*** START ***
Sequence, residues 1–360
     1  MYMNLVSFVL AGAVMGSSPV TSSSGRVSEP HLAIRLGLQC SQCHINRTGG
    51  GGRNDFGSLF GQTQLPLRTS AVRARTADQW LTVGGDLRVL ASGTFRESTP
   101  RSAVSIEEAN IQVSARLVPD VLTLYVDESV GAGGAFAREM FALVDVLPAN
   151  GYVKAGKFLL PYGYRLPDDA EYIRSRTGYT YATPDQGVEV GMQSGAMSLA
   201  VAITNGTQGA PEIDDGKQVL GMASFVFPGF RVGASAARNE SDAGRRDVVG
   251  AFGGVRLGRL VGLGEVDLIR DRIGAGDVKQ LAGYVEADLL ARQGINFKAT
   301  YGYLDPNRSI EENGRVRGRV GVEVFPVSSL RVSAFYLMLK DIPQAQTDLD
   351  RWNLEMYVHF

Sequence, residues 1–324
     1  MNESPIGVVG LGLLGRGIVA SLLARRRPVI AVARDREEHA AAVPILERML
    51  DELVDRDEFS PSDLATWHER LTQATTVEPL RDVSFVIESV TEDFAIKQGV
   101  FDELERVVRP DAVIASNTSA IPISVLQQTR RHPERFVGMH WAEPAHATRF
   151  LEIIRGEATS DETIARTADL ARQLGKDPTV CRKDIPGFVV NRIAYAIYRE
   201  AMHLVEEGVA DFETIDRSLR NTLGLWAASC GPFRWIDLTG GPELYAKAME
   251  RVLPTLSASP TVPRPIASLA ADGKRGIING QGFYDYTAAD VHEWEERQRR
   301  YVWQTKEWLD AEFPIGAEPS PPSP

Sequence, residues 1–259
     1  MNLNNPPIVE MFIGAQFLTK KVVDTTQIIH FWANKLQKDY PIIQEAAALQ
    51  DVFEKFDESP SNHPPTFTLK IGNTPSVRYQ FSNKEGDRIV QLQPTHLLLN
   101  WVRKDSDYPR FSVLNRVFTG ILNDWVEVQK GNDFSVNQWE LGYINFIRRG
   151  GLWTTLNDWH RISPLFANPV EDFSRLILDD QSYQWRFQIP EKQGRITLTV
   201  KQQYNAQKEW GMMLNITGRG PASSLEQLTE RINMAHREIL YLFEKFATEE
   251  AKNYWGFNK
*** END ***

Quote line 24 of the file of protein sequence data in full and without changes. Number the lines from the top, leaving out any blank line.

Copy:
   251  AKNYWGFNK